From education to employment

What if advanced economies have hit peak higher education?

Catherine Friday, EY Global Education Leader; EY Oceania Managing Partner, Government and Health Science

Across the world, universities are still reeling from the global pandemic. But disruption from temporary remote learning may be just the tip of the iceberg.

In an interview for a recent EY thought experiment, Soumitra Dutta, Professor of Management, SC Johnson College of Business, Cornell University, put it this way:

“We have a whole generation of young people who are more open to online learning and given a choice, they might opt for different formats. They might actually want 60% of the class online and maybe 20% in lectures, then maybe 20% through internships or other kinds of experiences.”

I think Professor Dutta is right. Even as campuses reopen, university leaders must accept that there will be no return to normal. The business reinvention that is taking down giants in media, retail and energy is coming for higher education – and it’s coming fast.

Renewable energy and electric vehicle adoption have brought the world to the point of ‘peak oil’ and ‘peak car’. What if the precipitous changes wrought by COVID-19 are also signals that universities in advanced economies have reached peak international students, peak undergraduate degrees, peak campus and peak rankings?

In this environment, how can universities survive and thrive?

To help university leaders answer this question, EY talked to higher education leaders in a range of public and private institutions, and venerable and modern faculties around the world. When we shared the transcripts with some of EY’s most provocative education thinkers, it led to these confronting ideas:

1. What if… the cost of learning is driven down to zero?

Imagine that learning and gaining qualifications in 2030 is as convenient as shopping or banking in 2021, and is possible to do at a very low cost. You can access your learning “account” online and complete course modules or entire degree programs from the best providers, anywhere in the world, at your own pace. The learning journey becomes hybrid, taking the best that online and in-person modes can offer, and flexing to your individual needs.

2. What if… learning journeys are entirely flexible and customizable?

Imagine that accessing educational content in 2030 is like listening to music via Spotify in 2021. At the touch of a screen, you access catalogs of learning content from the best providers in the world. Algorithms take you deeper into topics of interest and artificial intelligence matches learning activities with your current knowledge levels, learning preferences, career aspirations and learning goals.

3. What if… higher education providers are accountable for results?

Imagine that investing in knowledge in 2030 is as easy as investing in exchange-traded funds in 2021. All the programs on your independent career platform are independently rated based on inputs and outcomes declared by learning providers. Inputs include teacher-student ratios, and the amount, nature and quality of teaching and evaluation methods. Outcomes go beyond academic attainment and skills acquisition, covering a graduate’s employability and earning potential.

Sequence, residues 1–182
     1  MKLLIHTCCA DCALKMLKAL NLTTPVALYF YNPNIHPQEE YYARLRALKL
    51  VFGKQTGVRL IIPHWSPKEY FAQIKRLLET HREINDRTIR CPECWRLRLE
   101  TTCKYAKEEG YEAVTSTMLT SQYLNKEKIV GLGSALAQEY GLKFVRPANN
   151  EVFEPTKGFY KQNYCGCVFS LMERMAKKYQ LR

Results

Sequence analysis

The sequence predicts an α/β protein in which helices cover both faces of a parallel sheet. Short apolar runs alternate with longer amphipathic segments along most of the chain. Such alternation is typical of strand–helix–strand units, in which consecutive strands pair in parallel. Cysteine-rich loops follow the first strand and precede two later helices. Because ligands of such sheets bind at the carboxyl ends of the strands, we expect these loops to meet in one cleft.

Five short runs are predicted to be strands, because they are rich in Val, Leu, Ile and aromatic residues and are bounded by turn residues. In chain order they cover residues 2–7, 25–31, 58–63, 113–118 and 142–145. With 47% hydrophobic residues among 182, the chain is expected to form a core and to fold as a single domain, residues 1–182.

4. What if… commercialized research pays for itself?

Imagine that revenue from commercialized research in 2030 is sufficient to allow research to pay for itself. Universities have a clear understanding of what research lends itself to commercialization, gain access to private equity capital and participate in rich innovation ecosystems, facilitated by venture studios. Government funding focuses more on solving the major societal issues that the private sector cannot tackle alone, or on pure research to boost national competitiveness.

5. What if… technology could solve the global supply-demand mismatch?

Imagine that, in 2030, a talented postgraduate engineering student in Luanda (Angola) could access the best, leading-edge teaching from the recognized leader in her field, without having to leave her hometown. Her self-accessed, remote learning is supplemented with occasional trips to her local campus for instructor-led teaching, delivered via video link from her professor in the US, or to use the campus laboratories. Her course fees are comparable to those of a local university degree, but she leaves with sought-after, recognized and internationally transferable credentials.

Of course, universities will not disappear overnight. They will continue to be trusted curators of learning and knowledge whose teachers are known for their accessibility, credibility and engagement.

And not all students will pursue alternatives to universities. Many will still want a coming-of-age experience before starting their professional lives. For this cohort, universities will continue to provide transformative experiences that go beyond acquiring a catalogue of knowledge and skills.

But the landscape around universities is changing faster than the organizations themselves, making disruption more likely and decision making more difficult.

I believe that, as higher education peaks, universities need to consider:

  • Can I keep winning enough of this traditional market to stay relevant, or will my institution be one of the losers?
  • What opportunities are there to use technology to engage the world in new ways?
  • How might we produce job-ready graduates as well as engaged, life-long learners?

Only then can they start finding their place in the higher education landscape of the future.

Catherine Friday, EY Global Education Leader; EY Oceania Managing Partner, Government and Health Science

Related Articles